Hypoglycemia (Low Blood Sugar) in People Without Diabetes

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Hypoglycemia (Low Blood Sugar) in People Without Diabetes

Topic Overview

Is this topic for you?

Hypoglycemia, or low blood sugar, is most common in people who have diabetes. If you have already been diagnosed with diabetes and need more information about low blood sugar, see the topics:

What causes low blood sugar?

Your body uses hormones to keep your blood sugar in a normal range. But a long-term health problem that needs treatment can cause blood sugar to drop too low.

Hypoglycemia is most commonly a complication of diabetes treatment (diabetic hypoglycemia). You can develop hypoglycemia by taking too much insulin or other diabetes medicines.

Hypoglycemia may have other causes such as medicines, alcohol, stomach surgery, metabolic problems, and diseases of the pancreas, liver, kidneys, or adrenal glands.

What are the symptoms?

The symptoms can be different depending on how low your blood sugar level drops.

  • Mild hypoglycemia can make you feel hungry or like you want to vomit. You could also feel jittery or nervous. Your heart may beat fast. You may sweat. Or your skin might turn cold and clammy.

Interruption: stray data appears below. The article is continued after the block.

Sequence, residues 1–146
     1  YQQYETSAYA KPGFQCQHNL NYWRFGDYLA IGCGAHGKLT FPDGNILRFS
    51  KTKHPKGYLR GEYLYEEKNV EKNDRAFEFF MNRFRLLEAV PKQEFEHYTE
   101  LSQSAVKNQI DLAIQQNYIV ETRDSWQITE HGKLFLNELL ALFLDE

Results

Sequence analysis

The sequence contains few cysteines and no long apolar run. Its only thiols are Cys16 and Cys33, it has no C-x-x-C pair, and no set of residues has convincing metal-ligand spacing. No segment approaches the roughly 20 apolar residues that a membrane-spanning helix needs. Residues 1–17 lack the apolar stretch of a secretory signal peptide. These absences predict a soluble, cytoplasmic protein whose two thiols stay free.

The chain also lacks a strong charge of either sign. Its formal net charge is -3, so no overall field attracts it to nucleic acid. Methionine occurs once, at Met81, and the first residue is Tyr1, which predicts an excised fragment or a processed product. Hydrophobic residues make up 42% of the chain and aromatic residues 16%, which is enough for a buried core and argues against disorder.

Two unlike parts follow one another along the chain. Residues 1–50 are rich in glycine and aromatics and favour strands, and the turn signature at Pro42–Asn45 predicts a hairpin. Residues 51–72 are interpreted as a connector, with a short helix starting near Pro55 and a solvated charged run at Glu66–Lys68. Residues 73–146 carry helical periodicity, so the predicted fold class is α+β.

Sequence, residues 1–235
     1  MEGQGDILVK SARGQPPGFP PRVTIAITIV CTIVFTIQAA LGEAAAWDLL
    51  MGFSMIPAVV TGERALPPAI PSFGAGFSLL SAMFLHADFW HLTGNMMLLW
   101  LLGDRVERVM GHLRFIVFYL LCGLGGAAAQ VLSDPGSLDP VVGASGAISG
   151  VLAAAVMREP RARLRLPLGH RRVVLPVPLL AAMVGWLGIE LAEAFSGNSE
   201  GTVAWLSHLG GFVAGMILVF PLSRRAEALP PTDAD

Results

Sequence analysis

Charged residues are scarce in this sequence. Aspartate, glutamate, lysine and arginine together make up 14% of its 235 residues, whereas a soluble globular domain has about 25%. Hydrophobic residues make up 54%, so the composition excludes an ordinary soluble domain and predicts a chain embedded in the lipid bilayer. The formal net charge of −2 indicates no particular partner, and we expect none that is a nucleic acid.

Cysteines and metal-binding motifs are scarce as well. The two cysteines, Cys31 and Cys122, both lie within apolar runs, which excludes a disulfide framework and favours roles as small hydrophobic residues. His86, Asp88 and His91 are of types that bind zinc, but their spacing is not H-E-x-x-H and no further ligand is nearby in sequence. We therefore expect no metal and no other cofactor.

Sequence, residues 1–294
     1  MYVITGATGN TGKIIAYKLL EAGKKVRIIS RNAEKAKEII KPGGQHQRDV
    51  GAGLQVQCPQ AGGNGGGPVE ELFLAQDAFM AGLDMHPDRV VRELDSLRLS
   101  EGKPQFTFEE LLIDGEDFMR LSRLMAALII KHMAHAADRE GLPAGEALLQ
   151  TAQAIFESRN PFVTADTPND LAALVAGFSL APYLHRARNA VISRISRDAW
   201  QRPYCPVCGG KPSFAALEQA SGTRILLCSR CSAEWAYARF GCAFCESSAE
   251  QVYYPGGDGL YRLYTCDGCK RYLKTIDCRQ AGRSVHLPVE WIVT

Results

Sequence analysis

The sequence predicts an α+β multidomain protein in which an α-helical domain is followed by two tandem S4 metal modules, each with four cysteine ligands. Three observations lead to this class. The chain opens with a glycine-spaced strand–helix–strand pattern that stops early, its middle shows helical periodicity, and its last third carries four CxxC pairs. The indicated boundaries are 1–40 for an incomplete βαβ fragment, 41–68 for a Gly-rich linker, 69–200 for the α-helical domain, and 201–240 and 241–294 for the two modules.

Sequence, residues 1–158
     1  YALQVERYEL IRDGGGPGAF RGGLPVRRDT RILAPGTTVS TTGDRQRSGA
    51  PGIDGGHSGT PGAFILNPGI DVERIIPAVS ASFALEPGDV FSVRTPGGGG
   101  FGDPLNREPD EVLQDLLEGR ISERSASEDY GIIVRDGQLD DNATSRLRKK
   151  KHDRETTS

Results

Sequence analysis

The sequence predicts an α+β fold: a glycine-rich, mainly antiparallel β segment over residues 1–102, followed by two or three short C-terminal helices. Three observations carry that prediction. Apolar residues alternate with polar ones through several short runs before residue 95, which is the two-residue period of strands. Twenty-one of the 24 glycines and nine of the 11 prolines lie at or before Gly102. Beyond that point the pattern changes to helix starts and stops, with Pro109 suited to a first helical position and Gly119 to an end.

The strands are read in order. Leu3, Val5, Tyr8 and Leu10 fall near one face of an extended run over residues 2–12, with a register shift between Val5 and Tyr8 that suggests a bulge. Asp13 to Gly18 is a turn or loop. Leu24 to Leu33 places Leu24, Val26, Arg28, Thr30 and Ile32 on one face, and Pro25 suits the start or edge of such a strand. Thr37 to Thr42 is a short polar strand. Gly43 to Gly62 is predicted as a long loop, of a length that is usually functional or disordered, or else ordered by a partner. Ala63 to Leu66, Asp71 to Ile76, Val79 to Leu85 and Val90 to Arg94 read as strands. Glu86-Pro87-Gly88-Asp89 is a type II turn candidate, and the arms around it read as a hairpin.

• Moderate hypoglycemia often makes people feel short-tempered, nervous, afraid, or confused. Your vision may blur. You could also feel unsteady or have trouble walking.
  • Severe hypoglycemia can cause you to pass out. You could have seizures. It could even cause a coma or death.

If you've had hypoglycemia during the night, you may wake up tired or with a headache. And you may have nightmares. Or you may sweat so much during the night that your pajamas or sheets are damp when you wake up.

How is hypoglycemia diagnosed?

To diagnose hypoglycemia, your doctor will do a physical examination and ask you questions about your health. You will need tests to check your blood sugar levels. Mostly, these are done while you are fasting. The time that you have to keep from eating can vary and may be 24 hours or more. Or you may learn how to take your own blood sugar when you notice symptoms that may be related to low sugar levels. Your doctor will also ask you about any medicines you take and whether you have recently lost or gained weight.

If a blood test shows that you have low blood sugar and you do not have diabetes, and if you have symptoms that go away after you eat a snack or drink with sugar in it, you probably have hypoglycemia.

Many people have symptoms of low blood sugar that is related to other medical problems. It is important to let your doctor do the tests to find out if your blood sugar is low enough to cause a problem.

How is it treated?

If you have symptoms of low blood sugar, you need to eat or drink something with sugar in it. For example, you could eat raisins, graham crackers, or candy. You could also drink skim milk, regular (not diet) soda, or fruit juice. You may also take glucose tablets.

It’s a good idea to find out about health problems or situations that can lead to low blood sugar. It’s also important to pay attention to your health and lifestyle. For example, talk to your doctor to see if you can change your diet, change the medicines you take, or change the way you exercise. In some cases, treating the health problem that is causing low blood sugar can prevent future problems.